Indiana’s petition for a review of its 2016 abortion law is still pending at the Supreme Court of the United States after the justices relisted the Hoosier state’s writ of certiorari for this Friday’s conference.
The state is asking the Supreme Court to overturn a preliminary injunction blocking the implementation of a law that limits when a woman may terminate her pregnancy and mandates how fetal remains should be handled. Indiana’s petition had been distributed for the justices’ Jan. 4 conference but, according to the American Civil Liberties Union of Indiana, the petition has been relisted for the conference on Jan. 11.
Former Gov. Mike Pence signed House Enrolled Act 1337, which contains the two provisions under review at the Supreme Court, in April 2016. However, the measure never took effect because the U.S. District Court for the Southern District of Indiana issued a preliminary injunction in June 2016.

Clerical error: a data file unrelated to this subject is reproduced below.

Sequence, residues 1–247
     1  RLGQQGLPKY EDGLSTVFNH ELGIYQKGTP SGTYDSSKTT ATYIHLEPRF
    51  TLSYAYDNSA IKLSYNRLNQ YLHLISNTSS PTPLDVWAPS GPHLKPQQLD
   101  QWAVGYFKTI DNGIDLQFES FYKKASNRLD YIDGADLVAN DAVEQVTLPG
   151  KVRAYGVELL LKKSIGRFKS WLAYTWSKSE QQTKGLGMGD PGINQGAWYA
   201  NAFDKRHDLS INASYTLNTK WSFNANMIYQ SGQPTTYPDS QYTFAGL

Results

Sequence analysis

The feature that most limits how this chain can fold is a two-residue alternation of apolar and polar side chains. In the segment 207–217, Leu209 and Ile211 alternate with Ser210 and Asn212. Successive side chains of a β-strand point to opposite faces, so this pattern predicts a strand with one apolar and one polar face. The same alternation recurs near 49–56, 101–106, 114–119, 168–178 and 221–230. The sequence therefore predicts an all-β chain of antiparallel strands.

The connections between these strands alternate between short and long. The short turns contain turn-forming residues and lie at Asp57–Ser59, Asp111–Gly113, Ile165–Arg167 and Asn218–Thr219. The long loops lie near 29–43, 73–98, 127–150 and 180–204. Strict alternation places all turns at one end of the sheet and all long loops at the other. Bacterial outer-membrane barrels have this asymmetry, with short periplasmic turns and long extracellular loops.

A split 7th Circuit Court of Appeals panel upheld the preliminary injunction. After the appellate court denied a petition for an en banc hearing, Indiana filed a writ of certiorari with the U.S. Supreme Court.
Under HEA 1337, women would not be able to terminate their pregnancies because of a fetus’ race, gender, national origin, ancestry or genetic abnormality. Also, health care facilities would be required to either bury or cremate the embryonic or fetal tissue.
The case scheduled for review at this week’s conference is Kristina Box, Commissioner, Indiana Department of Health, et al. v. Planned Parenthood of Indiana and Kentucky, Inc., et al., 18-483.